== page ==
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Spiritual Reflection – Pentecost 7

Spiritual Reflection – Service

The teaching of Jesus about the exercise of authority is unambiguous. It is to be a matter not of domination but of service. This is a very challenging idea, since our understanding of how authority works is shaped by the secular environment in which we have been reared. The person in authority is, first of all, the boss. The rest of us are obliged to do what the boss wants, in small matters as well as in those that are more important. As a result, bosses get what they want and enjoy high status; we do what we are told and keep to our proper place. 

It is very easy to superimpose the rhetoric of service on this secular model of authority. In part, this is because most of us have never had servants. And we certainly haven’t had slaves over whom we exercise the power of life and death. And so, those in authority redefine service in a manner that suits their preferred style of acting. For the rest of us, it is very hard to see that servants should signify their status by gold and jewellery and sumptuous garments—to say nothing of palaces and limousines. Such symbols of worldly status are in stark opposition to the precepts of the Gospel.

I would have thought that the ideal servant would be one who is generous and self-forgetful in giving; humble and gracious in receiving. A servant is one who is ready to stand on the side, awaiting a summons to serve. A first-class server is attentive, watching and listening, ready to act when someone is in need of their help. Helping because of others’ need, not because of their own need to do so or to be seen to do so.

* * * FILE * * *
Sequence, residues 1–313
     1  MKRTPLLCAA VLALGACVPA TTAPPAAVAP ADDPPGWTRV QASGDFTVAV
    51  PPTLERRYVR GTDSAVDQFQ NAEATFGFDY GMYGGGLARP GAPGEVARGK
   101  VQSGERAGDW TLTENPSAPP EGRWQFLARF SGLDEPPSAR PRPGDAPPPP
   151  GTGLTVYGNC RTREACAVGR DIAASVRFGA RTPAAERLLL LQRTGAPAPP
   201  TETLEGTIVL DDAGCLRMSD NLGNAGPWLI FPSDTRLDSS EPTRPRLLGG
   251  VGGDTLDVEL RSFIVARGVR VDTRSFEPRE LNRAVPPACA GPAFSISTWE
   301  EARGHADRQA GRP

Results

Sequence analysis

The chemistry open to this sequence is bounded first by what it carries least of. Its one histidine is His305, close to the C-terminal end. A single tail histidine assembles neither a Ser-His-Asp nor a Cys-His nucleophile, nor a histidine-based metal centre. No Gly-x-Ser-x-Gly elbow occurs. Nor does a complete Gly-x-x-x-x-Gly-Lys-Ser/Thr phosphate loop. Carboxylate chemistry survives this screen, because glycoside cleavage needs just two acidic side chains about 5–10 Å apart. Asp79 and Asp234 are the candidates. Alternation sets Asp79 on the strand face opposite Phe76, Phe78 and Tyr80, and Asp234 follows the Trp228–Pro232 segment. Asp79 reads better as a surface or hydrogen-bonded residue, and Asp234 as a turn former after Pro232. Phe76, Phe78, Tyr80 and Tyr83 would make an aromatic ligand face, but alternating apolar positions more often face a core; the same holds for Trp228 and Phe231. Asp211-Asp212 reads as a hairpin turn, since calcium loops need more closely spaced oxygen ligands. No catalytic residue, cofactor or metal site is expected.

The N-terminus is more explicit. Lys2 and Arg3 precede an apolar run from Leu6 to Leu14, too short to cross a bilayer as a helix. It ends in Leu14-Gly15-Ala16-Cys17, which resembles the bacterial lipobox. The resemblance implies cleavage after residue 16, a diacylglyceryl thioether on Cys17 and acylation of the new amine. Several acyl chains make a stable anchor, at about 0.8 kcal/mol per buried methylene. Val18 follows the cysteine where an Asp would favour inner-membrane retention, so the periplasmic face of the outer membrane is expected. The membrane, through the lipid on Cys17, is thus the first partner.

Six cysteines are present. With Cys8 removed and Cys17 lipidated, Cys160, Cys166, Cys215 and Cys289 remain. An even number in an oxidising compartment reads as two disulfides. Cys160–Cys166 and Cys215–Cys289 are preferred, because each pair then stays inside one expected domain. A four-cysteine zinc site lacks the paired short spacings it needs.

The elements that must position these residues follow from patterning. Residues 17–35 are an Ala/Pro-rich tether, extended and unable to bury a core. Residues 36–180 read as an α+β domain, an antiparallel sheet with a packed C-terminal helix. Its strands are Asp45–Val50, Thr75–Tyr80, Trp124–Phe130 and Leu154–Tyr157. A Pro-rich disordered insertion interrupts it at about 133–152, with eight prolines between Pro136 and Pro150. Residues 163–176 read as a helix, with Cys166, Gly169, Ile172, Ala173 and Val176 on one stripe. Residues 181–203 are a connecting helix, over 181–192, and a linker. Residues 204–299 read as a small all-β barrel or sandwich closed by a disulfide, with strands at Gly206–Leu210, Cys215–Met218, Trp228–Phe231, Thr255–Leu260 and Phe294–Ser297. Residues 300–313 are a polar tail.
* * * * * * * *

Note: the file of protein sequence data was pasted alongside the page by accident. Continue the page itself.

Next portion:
The servant-disciple is not like the Pharisee who puts loads on others’ backs and does not lift a finger to help them. I am truly a servant if by my intervention the lives of others are made easier. As a result of my action, the other should walk away happier. 

Sometimes the service that needs to be rendered is the offering of advice or correction. My first abbot used to insist that this will work only if persons in authority have a solid history of genuine concern for the welfare of the other. A word to the wise suggesting a change will probably find a welcome only if, over time, it has been preceded by ten words of affirmation and encouragement and love.

Michael Casey. Balaam’s Donkey: Random Ruminations for Every Day of the Year. (Collegevile, Minnesota: Liturgical Press, 2019), p. 376.


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